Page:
My wife and I talked as you talk when you know you might not have much longer to talk. In the course of the conversation the surgeon came in, told us everyone had now reviewed the biopsy, and they were sure it was not cancer, she was not going to die, and they’d send off the biopsy for more study. Turns out she has a relatively benign condition. Within a day or so, Eagle Publishing, Inc. called and offered to buy RedState. They’d keep me on as an employee. I had my wife and my job.
Fast forward four years. I had not had a pay raise, we were dependent on two incomes to make ends meet, and my wife, given everything she’d been through, wanted to stay home with the kids. We knew it was the right thing to do. We just did not know how to make up the loss of income. We took a leap of faith and my wife left her job. Literally the next day, and I use literally intentionally as it was literally the next day, my boss called and told me I was finally getting a pay raise. It was identical — dollar for dollar identical to what my wife would be giving up. A week later CNN came calling. I would never have been able to do my job at CNN without my wife staying home.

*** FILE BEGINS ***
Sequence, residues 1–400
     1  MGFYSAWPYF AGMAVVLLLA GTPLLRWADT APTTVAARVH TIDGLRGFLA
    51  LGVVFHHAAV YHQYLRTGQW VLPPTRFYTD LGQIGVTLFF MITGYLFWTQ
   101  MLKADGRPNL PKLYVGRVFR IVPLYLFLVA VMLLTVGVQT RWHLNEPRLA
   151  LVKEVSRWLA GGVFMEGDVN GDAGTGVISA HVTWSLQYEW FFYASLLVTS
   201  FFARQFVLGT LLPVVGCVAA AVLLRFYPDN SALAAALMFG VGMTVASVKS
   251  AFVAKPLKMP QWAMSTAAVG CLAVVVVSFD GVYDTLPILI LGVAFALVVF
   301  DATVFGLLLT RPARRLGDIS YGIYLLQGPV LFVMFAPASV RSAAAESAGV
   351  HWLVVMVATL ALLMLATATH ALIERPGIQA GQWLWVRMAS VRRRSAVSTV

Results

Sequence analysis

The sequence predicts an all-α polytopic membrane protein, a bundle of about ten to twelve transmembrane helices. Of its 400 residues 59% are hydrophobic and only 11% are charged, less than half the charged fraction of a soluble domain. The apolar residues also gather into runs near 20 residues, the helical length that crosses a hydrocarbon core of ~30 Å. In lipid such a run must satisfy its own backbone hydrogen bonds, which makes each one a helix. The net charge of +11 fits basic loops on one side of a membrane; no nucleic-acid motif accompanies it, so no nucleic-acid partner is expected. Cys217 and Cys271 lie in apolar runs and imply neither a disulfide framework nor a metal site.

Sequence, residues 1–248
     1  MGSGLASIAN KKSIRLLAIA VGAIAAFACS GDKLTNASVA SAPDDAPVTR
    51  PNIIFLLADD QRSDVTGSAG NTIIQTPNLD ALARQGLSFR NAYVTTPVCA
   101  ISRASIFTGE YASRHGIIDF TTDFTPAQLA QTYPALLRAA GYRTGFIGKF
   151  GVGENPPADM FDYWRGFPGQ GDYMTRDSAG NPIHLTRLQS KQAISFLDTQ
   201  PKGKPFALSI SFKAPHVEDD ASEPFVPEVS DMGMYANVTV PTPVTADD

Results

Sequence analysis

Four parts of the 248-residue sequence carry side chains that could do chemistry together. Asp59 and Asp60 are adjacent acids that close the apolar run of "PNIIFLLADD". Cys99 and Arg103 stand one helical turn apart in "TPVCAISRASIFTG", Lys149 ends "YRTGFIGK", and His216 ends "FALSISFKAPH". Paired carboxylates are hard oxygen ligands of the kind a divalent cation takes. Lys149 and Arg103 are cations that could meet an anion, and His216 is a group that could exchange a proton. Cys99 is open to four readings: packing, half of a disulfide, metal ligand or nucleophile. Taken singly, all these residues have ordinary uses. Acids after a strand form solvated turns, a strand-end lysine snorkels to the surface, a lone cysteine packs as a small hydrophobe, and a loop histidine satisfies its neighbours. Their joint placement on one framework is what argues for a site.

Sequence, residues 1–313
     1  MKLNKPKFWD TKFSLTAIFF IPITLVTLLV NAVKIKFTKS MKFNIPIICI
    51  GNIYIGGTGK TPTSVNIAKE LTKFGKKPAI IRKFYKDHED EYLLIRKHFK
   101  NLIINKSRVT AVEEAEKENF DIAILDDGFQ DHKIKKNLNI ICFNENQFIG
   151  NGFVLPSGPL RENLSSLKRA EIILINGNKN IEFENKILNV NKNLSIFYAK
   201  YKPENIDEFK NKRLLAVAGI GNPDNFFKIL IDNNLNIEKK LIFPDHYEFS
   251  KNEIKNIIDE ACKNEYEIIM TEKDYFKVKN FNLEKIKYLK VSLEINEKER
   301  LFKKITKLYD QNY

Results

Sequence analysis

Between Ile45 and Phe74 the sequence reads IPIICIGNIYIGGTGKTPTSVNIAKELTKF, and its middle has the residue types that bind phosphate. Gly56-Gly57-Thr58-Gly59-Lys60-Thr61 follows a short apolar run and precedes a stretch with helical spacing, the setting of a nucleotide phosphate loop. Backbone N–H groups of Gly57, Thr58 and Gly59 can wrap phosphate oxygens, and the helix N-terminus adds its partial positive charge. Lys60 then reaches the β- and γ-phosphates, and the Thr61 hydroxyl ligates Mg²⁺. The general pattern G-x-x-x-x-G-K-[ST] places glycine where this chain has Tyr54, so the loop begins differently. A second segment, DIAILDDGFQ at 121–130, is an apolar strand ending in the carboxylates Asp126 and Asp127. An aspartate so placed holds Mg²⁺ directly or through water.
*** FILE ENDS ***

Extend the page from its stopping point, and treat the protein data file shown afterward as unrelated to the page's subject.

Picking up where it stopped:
A year later, Cox Media Group asked me to be on the radio. My life is not all roses. But I write this whole story and highlight the ups, not the downs, because I do not believe in coincidences. I do not believe in luck.
I believe in an active Creator.
I have experienced too much in my life to lead me to think this is all atoms and physics and chemistry and coincidence. I have experienced pain and misfortune and sadness, but as much as those things too define me it is the joys of life I dwell on.